Setting $/ to undef will allow the read to continue right up to the end of file. This is what is meant by slurping the file into memory, and is sometimes practical for small files. If it is absolutely necessary it is best done using local within the confines of a small code block like

my $data = do {
  open my $filehandle, '<', 'file.txt' or die $!;
  local $/;

Setting $/ to a reference to a numeric value will force the read to stop after a specific number of characters. For instance $/ = \4096 will make readline fetch the next 4KB of data from the file for you (or the rest of the file if there is less than 4KB remaining). This could be used for special purposes like caching your own file reads.

By "Using $/ in Perl over split" I imagine you mean the difference between this and using split on the the entire file slurped into a scalar variable. The primary consideration is memory space. If the file is more than a few KB then it is very wasteful to read it all into a Perl variable at once if it isn't completely necessary. Using $/ and while will allow just one record at a time to be read into memory, processed, and discarded when the next record is read.

If you think you need all of the file in an array, so that you can look backwards as well as forwards for instance, you should consider the Tie::File module which will make it appear as if the entire file is in an array (and even let you modify it) but will actually be paging the data in and out of memory as necessary.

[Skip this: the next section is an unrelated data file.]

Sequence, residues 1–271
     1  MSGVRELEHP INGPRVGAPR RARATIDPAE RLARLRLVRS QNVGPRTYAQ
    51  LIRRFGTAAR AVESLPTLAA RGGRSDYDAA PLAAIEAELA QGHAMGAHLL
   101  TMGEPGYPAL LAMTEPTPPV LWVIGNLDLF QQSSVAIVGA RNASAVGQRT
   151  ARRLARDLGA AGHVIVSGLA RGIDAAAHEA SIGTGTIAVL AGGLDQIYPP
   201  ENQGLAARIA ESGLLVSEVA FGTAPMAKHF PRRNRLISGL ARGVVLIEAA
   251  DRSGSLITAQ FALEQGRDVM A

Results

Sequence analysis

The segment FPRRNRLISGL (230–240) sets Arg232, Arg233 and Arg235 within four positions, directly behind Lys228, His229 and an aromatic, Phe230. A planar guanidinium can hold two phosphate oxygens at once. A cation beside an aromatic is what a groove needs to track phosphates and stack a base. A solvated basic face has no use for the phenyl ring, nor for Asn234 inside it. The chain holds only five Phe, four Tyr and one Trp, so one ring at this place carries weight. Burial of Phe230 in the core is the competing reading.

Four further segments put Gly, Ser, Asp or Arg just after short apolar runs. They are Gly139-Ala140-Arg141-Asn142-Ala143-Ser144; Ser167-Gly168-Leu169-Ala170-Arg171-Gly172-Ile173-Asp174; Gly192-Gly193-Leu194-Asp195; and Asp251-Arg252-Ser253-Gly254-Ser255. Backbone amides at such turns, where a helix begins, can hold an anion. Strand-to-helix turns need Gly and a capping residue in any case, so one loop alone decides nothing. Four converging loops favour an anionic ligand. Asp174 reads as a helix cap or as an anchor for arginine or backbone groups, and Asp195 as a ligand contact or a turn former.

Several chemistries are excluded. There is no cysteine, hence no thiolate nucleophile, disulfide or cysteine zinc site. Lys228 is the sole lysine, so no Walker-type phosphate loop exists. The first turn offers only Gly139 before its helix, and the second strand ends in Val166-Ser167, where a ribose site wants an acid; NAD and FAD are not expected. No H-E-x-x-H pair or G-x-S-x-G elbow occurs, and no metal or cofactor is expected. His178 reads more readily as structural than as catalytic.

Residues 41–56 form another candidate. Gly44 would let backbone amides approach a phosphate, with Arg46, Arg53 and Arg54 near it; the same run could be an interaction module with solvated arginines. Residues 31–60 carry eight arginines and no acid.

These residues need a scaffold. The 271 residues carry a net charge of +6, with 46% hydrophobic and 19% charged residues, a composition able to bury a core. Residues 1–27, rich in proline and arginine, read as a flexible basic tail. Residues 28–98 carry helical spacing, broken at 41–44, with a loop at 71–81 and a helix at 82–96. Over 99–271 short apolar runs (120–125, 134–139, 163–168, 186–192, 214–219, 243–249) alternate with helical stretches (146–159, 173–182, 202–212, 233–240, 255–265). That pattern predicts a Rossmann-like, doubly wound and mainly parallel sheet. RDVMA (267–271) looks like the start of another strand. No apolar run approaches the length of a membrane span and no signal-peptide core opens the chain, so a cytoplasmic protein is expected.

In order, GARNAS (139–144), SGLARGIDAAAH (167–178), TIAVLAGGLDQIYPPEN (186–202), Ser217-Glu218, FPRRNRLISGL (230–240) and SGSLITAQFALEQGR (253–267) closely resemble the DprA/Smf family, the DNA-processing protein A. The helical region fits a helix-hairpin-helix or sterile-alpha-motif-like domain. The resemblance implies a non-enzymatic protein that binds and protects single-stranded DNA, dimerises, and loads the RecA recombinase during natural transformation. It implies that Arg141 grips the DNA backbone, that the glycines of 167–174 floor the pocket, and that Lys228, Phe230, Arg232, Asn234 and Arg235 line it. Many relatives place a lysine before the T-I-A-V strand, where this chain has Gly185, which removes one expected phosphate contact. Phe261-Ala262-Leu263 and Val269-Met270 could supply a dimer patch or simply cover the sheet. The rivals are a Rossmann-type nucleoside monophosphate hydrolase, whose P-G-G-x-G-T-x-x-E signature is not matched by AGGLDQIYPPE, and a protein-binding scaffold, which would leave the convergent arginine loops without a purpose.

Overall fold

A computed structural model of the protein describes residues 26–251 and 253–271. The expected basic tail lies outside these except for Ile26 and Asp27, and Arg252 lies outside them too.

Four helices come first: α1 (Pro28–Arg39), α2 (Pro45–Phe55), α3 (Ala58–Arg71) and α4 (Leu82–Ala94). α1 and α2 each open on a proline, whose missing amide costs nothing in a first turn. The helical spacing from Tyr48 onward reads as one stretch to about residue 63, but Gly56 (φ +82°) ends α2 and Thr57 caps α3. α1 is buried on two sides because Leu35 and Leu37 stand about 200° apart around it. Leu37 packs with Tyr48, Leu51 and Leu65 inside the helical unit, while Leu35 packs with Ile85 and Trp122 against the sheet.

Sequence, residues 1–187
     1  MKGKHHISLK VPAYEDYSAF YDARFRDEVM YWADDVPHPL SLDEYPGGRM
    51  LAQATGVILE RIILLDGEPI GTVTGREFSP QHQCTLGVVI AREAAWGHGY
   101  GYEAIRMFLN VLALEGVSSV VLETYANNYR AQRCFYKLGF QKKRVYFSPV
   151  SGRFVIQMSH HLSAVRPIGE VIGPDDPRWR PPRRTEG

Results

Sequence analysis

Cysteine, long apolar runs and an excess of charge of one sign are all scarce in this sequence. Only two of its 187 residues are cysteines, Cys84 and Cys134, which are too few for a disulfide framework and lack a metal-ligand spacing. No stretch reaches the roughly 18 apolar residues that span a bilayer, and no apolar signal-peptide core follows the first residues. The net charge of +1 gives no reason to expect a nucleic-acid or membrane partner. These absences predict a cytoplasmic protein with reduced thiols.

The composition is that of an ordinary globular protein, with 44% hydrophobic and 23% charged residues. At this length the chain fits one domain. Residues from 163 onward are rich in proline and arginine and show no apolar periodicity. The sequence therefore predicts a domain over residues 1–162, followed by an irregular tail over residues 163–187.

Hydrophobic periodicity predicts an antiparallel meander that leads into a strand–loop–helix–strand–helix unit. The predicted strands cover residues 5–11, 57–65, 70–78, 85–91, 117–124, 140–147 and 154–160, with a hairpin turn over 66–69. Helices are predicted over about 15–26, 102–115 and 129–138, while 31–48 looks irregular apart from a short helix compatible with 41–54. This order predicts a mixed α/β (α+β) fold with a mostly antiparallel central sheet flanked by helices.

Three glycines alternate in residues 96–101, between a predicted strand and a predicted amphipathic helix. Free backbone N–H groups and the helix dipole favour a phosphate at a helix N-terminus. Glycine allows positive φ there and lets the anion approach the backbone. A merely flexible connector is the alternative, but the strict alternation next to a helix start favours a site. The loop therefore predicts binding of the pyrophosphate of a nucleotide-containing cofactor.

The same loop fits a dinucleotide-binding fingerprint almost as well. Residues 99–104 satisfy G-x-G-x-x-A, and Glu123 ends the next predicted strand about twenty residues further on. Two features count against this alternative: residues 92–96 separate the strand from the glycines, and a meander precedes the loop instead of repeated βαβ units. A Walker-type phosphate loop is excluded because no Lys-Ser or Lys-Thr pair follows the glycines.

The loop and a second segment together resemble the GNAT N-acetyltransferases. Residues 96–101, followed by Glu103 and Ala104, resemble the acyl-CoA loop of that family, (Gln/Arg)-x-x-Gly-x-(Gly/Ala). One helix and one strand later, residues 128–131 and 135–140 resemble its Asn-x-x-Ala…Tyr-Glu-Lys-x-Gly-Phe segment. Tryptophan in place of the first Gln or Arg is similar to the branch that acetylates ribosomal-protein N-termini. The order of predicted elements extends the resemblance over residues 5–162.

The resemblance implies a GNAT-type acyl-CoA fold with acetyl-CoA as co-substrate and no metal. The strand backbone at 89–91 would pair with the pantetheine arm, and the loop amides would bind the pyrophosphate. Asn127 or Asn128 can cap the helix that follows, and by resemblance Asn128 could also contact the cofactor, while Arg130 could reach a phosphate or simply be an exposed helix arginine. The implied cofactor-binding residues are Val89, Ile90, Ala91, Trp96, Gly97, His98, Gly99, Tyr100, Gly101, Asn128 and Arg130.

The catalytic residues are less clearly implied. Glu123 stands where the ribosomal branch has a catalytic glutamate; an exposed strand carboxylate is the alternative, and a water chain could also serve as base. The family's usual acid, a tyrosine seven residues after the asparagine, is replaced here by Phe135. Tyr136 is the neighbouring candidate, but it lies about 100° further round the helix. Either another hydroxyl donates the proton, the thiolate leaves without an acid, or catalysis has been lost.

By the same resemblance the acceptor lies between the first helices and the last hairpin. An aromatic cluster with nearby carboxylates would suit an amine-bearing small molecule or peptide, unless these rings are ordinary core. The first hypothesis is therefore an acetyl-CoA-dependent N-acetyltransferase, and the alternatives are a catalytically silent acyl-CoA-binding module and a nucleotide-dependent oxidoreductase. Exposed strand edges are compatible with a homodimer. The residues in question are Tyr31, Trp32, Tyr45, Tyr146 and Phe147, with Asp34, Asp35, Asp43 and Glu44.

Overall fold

An advantage of using split is that it takes a regualr expression to identify the places to split the string. This is in contrast to $/ which may only be set to a simple string. If you need to divide the file up in more complex ways this may be useful.

In general, using $/ together with while is the best way to read a file and should be your first choice unless there is an overriding reason why you need something different. It will prevent extravagant memory usage and also encourage better programming by forcing you to concentrate on a single data record at a time.